The Good Nurse

By Charles Graeber

Hadn’t I already read this book? Seventeen years ago? Only I thought it was called Blind Eye back then, and had been by James B. Stewart.

Turns out my memory was correct. Here’s some of what I said in my review of Blind Eye. Change the names and it all fits for The Good Nurse:

What Stewart argues is that a buck-passing medical system shares a large part of the blame for Swango’s crimes. Poweful people, in positions of trust, routinely ignored clear evidence of danger and exposed the most vulnerable members of our society to mortal risk.

In fact, even after Swango’s apprehension, the Ohio State administration continued to stonewall both press and prosecutors. Nor was federal legislation in these matters any help. A national data bank set up in 1990 to monitor incompetent and criminal physicians has been a complete failure due to the medical profession’s almost total refusal to report on itself.

“The loyalty among physicians,” Stewart concludes, “makes police officers’ famous ‘blue wall of silence’ seem porous by comparison.”

Instead of the deadly doctor Michael Swango, Charles Graeber tells the story of “angel of death” Charlie Cullen. Nurse Cullen’s methods were much the same, but his record even worse. Neither killer’s casualty list can be exactly determined, but whereas Swango may have killed 60 people, Cullen’s victims are thought to be in the hundreds.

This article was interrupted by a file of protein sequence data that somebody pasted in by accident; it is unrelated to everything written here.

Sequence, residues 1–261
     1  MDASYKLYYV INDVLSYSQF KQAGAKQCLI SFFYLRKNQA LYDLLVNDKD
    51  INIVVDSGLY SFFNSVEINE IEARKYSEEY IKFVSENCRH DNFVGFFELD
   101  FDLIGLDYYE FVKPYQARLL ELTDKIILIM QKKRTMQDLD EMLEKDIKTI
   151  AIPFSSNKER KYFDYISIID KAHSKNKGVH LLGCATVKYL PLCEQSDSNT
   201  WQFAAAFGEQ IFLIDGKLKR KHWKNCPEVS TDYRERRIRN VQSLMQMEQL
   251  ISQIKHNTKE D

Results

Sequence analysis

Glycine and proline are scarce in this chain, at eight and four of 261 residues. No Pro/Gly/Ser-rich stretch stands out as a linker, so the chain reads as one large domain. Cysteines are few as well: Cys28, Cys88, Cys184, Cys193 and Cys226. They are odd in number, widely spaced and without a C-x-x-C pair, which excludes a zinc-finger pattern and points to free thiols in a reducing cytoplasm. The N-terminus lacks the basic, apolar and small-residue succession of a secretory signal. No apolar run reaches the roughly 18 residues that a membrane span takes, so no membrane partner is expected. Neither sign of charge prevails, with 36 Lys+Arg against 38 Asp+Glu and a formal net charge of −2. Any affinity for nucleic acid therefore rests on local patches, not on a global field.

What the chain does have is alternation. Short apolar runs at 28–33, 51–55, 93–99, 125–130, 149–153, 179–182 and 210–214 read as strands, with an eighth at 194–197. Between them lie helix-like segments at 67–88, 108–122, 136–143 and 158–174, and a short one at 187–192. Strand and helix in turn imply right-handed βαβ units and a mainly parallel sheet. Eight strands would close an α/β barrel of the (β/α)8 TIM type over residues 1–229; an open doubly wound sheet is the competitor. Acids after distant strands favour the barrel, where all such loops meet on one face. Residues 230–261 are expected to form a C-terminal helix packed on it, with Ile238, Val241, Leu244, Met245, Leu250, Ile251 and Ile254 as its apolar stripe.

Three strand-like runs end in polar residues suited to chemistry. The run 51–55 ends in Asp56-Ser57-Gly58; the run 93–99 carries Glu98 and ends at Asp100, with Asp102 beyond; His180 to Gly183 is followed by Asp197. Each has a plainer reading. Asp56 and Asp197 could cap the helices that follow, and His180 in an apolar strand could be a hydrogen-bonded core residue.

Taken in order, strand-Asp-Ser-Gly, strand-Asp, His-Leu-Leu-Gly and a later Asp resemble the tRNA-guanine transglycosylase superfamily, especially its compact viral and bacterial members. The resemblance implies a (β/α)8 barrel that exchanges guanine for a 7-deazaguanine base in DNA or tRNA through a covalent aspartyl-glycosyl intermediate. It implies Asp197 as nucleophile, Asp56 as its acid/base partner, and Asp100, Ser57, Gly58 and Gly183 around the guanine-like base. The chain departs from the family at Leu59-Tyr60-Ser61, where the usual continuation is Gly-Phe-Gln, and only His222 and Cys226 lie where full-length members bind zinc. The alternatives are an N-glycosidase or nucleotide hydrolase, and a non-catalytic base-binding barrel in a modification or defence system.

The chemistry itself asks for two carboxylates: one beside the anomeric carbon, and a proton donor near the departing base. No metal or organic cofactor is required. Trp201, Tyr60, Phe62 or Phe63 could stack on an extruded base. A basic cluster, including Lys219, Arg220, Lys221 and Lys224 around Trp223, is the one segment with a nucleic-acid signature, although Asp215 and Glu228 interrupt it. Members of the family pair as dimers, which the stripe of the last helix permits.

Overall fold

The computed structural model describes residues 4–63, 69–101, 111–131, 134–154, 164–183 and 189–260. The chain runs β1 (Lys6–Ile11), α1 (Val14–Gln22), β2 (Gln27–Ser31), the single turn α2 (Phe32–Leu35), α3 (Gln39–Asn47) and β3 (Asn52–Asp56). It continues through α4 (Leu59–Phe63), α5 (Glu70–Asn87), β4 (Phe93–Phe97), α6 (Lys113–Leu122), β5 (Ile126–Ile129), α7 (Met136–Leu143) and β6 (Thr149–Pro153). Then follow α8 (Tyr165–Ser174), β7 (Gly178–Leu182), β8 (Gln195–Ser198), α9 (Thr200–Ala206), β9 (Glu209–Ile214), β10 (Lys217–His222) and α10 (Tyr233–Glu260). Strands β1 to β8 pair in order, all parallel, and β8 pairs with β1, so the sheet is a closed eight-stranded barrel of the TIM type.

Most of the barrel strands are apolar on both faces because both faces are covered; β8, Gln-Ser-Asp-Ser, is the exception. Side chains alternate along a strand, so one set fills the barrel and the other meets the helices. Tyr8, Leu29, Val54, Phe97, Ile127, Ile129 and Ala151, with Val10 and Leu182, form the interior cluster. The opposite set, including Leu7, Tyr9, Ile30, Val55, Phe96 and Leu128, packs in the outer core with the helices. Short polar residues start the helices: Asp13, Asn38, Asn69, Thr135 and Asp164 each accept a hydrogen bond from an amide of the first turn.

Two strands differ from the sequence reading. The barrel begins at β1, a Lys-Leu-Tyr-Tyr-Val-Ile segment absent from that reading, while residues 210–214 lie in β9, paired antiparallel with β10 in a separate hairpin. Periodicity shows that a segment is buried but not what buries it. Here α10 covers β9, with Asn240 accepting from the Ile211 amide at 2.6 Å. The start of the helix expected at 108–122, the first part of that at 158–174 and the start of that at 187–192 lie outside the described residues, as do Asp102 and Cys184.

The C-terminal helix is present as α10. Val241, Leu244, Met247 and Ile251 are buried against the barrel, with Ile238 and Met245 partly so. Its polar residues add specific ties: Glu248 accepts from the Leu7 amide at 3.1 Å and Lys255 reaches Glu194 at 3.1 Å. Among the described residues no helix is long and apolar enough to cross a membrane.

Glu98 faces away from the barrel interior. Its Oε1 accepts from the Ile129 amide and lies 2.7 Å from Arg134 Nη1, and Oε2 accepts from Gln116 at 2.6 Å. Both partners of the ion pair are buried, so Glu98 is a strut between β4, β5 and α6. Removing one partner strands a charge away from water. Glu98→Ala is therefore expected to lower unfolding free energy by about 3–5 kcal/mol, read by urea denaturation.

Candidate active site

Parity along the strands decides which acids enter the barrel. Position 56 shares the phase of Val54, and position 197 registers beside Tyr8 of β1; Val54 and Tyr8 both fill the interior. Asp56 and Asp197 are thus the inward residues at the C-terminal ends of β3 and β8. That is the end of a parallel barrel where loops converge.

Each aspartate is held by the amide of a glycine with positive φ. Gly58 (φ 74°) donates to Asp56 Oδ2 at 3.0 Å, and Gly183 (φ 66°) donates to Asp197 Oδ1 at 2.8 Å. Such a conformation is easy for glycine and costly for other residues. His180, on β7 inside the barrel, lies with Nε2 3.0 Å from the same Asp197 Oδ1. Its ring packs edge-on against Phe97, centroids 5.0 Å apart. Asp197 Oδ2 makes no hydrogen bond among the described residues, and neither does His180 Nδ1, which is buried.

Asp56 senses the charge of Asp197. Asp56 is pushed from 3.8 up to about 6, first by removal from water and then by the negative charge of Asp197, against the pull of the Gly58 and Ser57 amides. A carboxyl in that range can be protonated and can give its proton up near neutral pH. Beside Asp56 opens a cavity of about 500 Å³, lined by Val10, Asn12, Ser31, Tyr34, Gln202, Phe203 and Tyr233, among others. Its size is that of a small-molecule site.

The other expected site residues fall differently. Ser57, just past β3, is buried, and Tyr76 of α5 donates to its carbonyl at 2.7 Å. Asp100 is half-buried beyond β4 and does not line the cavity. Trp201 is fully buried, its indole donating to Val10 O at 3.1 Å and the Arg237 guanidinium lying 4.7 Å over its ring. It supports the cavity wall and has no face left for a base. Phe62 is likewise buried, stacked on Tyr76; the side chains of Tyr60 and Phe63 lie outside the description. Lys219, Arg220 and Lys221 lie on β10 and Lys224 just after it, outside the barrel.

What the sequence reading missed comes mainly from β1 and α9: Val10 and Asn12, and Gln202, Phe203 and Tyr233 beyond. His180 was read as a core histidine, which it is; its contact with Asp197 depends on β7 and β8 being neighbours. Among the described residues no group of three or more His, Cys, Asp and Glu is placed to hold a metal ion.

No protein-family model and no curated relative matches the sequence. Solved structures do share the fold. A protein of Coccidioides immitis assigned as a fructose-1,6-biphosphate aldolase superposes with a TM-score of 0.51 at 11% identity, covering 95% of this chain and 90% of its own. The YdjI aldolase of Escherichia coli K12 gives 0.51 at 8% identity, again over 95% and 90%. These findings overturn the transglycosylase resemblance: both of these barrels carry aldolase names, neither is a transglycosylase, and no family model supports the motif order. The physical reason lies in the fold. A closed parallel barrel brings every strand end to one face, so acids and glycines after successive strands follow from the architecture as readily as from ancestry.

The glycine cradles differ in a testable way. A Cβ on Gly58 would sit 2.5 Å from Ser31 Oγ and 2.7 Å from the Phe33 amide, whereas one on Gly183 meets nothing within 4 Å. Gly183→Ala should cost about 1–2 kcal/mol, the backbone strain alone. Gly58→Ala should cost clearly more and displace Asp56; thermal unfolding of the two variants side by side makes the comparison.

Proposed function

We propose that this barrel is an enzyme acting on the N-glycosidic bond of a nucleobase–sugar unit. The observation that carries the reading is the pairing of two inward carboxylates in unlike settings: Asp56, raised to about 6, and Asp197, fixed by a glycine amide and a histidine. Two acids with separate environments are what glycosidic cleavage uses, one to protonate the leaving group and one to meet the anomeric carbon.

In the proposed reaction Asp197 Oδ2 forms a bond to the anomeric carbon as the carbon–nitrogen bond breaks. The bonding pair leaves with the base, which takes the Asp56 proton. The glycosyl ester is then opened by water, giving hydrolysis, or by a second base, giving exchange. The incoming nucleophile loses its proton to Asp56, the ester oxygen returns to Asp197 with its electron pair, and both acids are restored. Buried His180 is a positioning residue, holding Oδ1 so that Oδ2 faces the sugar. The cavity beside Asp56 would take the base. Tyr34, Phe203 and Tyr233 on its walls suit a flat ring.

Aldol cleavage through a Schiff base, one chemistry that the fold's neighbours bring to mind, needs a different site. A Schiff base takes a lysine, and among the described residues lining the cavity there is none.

The real scandal in both cases is also the same: powerful institutions (hospitals and the medical establishment) that did everything possible to cover their butts by covering for the killers. At the end of my Blind Eye review I concluded that such a shameful record “would normally demand some kind of institutional response. Normally, but in this case unlikely. Given the power of the establishment, it will be easier to turn a blind eye.” As expected, that is what happened. Some minor legislation was passed in the wake of Cullen’s case, but nothing meaningful. It’s truly tragic, but we all know what matters here and it’s not the protection of innocent lives.

Graeber’s book has flaws. There may be no explaining a mind like Charlie Cullen’s but more of an effort could have been made in this regard. I would have even taken pure speculation as to what made him tick. Then the book’s second half indulges the point of view of the confidential informer too much. A greater distance should have been maintained. Finally, far too much important information that should be part of the main narrative has been punted into lengthy and discursive endnotes. After a couple of chapters I got tired of constantly flipping to the back of the book to read these and just gave up.

So in many ways this is a sequel to a better book, but it underlines a still very important message. In a showdown between your life and other people’s careers or institutional self-preservation, you’re always going to lose.

Review first published online May 12, 2016.

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